Getting an Interview
Getting an Interview
Interviews for Top Jobs at Wolfram Research
- Software Engineer (3)
- Software Developer (2)
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- Technical Writer - Marketing (1)
- Software Engineering, Customer Applications Support (1)
- Frontend Developer (1)
- No Specific Position/General Interview (1)
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- Applied Research Group (1)
- Wolfram Technology Engineer (1)
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Software Engineering, Customer Applications Support Interview
I applied online. The process took 3 weeks – interviewed at Wolfram Research in September 2009.
Wolfram has a very interesting online application with a variety of non-standard and non-trivial questions (used for all job openings); it encourages creative thinking by applicants and does a great job giving a picture of the company and scope of the work they do. In particular, the application encourages applicants to submit responses to questions related to a variety of job functions (not just the applicant's own area of interest), which suggests the company is fairly well integrated and avoids the myopic compartmentalization common in many organizations.
Other companies should seriously consider copying the style of Wolfram's online application because, lets face it, applying for jobs online is no fun! Any company who can actually make this process enjoyable will attract more candidates and cultivate a more interesting and sophisticated corporate image.
I was invited for 1 day of on-site interviews following a single phone interview. The recruiting staff was very professional and efficient in planning my trip to the company's headquarters in Champaign, and I was welcomed to my hotel room with a care package containing snacks, which I really appreciated after a day of flights!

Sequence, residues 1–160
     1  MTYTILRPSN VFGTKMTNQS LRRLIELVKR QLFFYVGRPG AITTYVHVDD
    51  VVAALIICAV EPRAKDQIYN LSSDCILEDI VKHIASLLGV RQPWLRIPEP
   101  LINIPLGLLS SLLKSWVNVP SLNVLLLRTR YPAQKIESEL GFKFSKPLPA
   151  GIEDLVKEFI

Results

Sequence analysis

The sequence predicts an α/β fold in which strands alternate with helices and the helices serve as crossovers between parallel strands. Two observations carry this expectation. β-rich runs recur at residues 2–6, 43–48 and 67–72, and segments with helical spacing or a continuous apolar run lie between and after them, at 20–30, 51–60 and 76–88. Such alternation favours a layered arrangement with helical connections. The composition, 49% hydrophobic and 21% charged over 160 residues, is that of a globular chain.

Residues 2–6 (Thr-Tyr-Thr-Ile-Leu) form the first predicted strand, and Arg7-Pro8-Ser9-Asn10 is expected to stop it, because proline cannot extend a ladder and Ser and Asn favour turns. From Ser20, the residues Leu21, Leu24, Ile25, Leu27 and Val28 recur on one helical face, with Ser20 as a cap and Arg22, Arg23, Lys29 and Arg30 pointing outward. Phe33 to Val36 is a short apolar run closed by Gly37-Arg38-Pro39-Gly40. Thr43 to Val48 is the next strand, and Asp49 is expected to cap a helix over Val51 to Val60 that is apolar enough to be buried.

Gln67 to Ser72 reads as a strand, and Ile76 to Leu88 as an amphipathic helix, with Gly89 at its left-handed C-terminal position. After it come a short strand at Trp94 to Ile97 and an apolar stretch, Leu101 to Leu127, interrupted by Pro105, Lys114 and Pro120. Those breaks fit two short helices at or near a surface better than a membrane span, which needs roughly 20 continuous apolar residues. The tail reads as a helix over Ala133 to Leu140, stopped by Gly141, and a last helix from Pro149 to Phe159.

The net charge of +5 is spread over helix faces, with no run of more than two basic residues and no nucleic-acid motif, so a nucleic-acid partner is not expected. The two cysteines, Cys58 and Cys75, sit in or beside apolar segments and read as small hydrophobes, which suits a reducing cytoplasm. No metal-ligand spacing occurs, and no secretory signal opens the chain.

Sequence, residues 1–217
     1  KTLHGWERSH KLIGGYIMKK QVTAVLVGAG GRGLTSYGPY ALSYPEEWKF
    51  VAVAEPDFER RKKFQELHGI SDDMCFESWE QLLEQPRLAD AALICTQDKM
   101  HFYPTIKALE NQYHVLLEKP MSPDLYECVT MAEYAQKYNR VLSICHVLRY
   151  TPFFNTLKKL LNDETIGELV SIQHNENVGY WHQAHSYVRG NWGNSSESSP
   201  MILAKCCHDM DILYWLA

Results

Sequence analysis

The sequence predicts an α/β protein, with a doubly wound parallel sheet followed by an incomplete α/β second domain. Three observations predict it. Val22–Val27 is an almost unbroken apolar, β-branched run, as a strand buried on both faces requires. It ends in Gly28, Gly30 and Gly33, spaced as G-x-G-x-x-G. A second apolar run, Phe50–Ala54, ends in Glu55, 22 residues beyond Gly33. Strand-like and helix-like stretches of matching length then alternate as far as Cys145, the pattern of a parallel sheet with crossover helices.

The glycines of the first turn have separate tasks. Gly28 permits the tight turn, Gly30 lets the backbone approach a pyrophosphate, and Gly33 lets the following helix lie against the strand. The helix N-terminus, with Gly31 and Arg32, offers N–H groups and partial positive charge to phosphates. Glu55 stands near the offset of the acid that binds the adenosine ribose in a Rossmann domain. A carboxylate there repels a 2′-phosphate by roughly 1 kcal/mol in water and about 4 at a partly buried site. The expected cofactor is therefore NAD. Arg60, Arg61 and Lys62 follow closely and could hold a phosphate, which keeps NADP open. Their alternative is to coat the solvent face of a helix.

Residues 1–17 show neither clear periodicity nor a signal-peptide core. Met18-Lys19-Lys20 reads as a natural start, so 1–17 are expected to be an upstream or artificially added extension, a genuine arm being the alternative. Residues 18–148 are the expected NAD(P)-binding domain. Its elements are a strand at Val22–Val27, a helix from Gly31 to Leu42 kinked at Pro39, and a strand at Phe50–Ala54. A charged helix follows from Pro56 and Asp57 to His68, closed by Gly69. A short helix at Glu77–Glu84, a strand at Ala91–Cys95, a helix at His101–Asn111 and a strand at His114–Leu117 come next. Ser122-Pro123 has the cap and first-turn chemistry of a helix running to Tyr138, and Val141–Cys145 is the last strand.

I had about 6 one-on-one interviews with people at various levels, which included technical questions related to programming concepts in addition to standard behavioral questions. I was also asked to walk through some Mathematica code I had written (submitted with the application) to prove my knowledge of Mathematica (the company's flagship product); this was very refreshing since it was more collaborative and interesting than standard interviews (and probably more useful to hiring managers).
I also had lunch with a more senior manager who helped me understand the company's overall strategy and the relationships between different internal groups; we also discussed strategies for developing business in different customer segments. This suggests to me that Wolfram wants employees to take an interest in the company's overall success and understand how their individual work contributes to the whole.
My suggestions for improving the recruiting process:
--> Help candidates understand what position(s) they are interviewing for before the interview. This will help them prepare better and is something I should have asked about beforehand.
--> Give suggestions on topics that might be covered in the technical interviews. I had to break out several concepts and skills I had not used in several years, which I might have done better if I had known about them and studied more in advance.
Overall this was an excellent interview experience despite my not receiving an offer--I really learned a lot and appreciate the opportunity.
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